Written and directed by Stan Lai. Stan Lai and Performance Workshop in collaboration with Wang Weizhong. Festival Theatre. Adelaide Festival Centre. OzAsia Festival. October 25 – 26 2019.
Reviewed by Peter Wilkins
Stan Lai returns to OzAsia with another epic memory play that tells the story of three families, exiled as refugees to Taiwan after the failure of Chiang Kai Shek’s conflict with Mai Ze Dong’s Chinese Communist Party. This sweeping drama, encompassing more than fifty years in the lives of the Zhao, Zhu and Zhou families and three generations who lived, were e born and were raised in the Military dependents’ Village in provincial Chianyi in Taiwan
Lai approaches the stories based on real people’s lives with a searing commitment to the essential humanity of his characters. What emerges is an overpowering humanity, a dynamic and heart rending and heart-warming tale of struggle and survival, love and painful devotion, disappointment and disillusion.
In this production each character embodies the universal truth of human endeavor, forged in the roles that society and gender expectation demand of them. Expecting only to remain for a few years, the families find themselves welded to a community that melds into the Taiwanese way of life, dreaming of escape but bound to an overriding commitment to family. For three hours traffic on the stage the Zhao, Zhu and Zhou families live out their loves between the younger generations, their rivalries with the neighbor ,their secret loves and forsaken dreams, their private sacrifices and painful longings.
Throughout the production on Austin Wang’s framework set design and in Lizen Michael Chien’s evocative lighting, Grandma Lu moves slowly and statuesquely across the stage, harkening it seems to the ghostly spirits of the ancestors and a world they have left behind. The eventual return to the homeland is awkward, fragmented by a forced separation that has rent the families in both countries asunder. It is the human tragedy of politics, war, conflict and human greed and ambition. We cry at their plight and laugh at the irony of their everyday lives, like attempting to install a flush toilet. There is such simple truth in every performance. Lai directs it for heightened reality, where passion overflows and actors breathe the fire of commitment in telling the story of the displaced refugees.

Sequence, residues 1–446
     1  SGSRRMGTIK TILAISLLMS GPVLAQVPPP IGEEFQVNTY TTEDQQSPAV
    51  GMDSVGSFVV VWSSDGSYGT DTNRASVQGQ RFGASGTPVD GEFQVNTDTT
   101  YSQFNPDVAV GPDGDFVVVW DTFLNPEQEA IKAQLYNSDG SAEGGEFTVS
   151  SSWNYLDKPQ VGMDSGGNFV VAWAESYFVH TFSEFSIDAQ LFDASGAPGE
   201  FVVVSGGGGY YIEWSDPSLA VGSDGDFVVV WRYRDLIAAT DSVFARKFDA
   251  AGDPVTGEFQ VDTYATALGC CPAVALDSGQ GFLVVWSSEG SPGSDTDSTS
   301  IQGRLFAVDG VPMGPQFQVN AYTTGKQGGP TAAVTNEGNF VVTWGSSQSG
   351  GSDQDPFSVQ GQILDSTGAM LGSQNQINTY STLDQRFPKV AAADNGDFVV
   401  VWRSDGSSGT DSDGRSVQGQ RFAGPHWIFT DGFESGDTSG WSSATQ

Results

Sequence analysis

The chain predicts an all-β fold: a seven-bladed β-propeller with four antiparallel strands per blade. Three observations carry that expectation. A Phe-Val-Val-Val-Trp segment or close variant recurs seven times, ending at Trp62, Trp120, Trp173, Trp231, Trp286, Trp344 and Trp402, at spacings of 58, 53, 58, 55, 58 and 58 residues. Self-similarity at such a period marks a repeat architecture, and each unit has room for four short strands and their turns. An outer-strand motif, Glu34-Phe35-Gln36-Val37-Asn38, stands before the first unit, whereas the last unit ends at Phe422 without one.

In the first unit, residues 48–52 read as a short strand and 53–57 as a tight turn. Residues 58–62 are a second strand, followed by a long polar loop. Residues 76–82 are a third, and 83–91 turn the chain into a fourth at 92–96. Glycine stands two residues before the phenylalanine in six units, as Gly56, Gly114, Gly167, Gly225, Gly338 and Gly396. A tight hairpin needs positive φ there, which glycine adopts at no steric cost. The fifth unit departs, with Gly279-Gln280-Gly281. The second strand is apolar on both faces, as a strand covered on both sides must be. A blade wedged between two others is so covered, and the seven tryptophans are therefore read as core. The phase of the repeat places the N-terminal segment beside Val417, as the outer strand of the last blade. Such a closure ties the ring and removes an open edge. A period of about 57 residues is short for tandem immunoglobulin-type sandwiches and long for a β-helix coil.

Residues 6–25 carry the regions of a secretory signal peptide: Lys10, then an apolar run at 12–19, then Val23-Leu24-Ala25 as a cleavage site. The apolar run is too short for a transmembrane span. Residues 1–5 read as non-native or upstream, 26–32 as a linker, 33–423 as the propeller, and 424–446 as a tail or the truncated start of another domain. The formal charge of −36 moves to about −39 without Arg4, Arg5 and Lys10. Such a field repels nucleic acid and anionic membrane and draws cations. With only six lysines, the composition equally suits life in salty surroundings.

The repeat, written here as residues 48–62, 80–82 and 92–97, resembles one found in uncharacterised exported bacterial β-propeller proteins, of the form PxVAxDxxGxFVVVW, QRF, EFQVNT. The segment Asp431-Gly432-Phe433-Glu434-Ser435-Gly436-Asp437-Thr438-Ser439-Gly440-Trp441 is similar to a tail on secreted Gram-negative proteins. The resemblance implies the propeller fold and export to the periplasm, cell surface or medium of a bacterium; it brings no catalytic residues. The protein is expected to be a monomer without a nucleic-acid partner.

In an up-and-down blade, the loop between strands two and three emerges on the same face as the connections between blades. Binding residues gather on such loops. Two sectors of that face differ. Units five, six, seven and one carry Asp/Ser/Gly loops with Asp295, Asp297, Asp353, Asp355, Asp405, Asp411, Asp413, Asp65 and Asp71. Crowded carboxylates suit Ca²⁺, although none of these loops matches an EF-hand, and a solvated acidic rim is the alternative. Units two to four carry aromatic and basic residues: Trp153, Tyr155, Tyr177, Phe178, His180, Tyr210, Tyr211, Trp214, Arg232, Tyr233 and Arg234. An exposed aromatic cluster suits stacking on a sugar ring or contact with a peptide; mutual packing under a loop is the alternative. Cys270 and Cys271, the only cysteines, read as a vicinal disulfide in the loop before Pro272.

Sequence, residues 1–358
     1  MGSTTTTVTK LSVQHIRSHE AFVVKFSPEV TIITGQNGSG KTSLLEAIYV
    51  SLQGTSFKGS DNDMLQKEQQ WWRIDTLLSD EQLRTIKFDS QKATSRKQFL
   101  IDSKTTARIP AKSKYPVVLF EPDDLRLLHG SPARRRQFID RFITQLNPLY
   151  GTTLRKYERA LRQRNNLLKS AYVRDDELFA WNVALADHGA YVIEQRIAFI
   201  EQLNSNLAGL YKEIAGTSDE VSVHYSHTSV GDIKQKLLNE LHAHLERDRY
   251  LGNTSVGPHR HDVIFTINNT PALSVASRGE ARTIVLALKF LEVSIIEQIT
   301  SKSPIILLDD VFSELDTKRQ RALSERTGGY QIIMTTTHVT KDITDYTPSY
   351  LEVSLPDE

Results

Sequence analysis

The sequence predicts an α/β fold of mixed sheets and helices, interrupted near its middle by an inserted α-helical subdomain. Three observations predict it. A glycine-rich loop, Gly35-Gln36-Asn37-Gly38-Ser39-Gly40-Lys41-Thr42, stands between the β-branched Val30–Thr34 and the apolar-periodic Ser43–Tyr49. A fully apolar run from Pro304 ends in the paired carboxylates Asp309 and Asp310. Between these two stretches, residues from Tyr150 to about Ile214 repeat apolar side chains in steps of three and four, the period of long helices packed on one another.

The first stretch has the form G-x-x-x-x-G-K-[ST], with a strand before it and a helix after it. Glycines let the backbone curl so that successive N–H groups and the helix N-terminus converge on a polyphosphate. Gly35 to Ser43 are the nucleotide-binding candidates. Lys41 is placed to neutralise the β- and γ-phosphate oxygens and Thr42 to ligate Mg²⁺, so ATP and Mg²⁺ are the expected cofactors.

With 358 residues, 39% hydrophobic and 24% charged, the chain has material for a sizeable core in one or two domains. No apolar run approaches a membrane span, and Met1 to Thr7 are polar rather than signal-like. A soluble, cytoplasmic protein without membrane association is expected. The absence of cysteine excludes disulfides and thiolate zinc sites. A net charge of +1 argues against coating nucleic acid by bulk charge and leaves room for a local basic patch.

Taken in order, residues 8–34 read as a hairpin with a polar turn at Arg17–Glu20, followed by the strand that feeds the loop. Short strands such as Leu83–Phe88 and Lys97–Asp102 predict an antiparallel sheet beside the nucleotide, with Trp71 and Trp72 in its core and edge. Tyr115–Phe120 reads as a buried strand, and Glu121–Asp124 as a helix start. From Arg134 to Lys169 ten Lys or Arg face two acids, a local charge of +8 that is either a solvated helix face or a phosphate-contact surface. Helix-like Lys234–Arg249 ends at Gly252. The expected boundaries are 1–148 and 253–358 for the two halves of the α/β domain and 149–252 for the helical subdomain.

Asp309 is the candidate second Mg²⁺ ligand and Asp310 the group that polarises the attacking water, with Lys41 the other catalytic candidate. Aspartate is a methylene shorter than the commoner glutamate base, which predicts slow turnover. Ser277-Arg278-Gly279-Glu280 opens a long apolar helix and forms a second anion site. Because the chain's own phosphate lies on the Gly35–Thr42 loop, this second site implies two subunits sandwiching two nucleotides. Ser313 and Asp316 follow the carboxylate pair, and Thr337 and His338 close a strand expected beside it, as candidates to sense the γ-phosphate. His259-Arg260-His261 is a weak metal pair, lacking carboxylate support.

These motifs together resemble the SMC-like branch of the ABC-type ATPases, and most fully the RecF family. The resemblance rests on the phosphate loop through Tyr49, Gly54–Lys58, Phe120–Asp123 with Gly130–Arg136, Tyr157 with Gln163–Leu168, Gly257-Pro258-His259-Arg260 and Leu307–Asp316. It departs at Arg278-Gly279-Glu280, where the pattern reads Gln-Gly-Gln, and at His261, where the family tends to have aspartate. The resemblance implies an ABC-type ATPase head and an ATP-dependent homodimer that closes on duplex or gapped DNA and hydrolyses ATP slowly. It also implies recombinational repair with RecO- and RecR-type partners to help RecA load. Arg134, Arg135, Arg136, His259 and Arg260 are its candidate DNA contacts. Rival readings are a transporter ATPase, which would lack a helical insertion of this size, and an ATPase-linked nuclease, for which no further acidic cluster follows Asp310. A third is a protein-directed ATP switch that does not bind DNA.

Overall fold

Unfortunately, the production was in Mandarin, and English speakers relied on surtitles to follow the dialogue. The surtitles should have been placed above the actors on the Festival Theatre stage, but for some reason they were placed on large screens on either side, as they might be at a rock concert. Consequently I didn’t know where to concentrate my focus, - on the script so that I would understand who each character was, their place in the saga and what they were saying. Or should I focus on the action and interpret meaning from the heightened realism of their performances and the passion of their voice and gesture. Neither solution was satisfactory and as a result I was left to be content with the laughter of the Mandarin speakers in the audience.
This vast drama that has been touring for two years deserved better. Stan Lai’s previous production at OzAsia, another tender and moving love story, Secret Love in Peach Bloosom land which I reviewed a couple of years ago had no such split focus to detract and I remember it as a wonderful depiction of human nature and the moving depiction of Lai’s emerging theme of forced separation and denial of true love. It emerges again in The Village and reminds us all of he impact of forces beyond our control and the devastating fracturing of innocent human lives. At a time when the world is engulfed in conflict The Village is a poignant reminder of the value of family and compassion.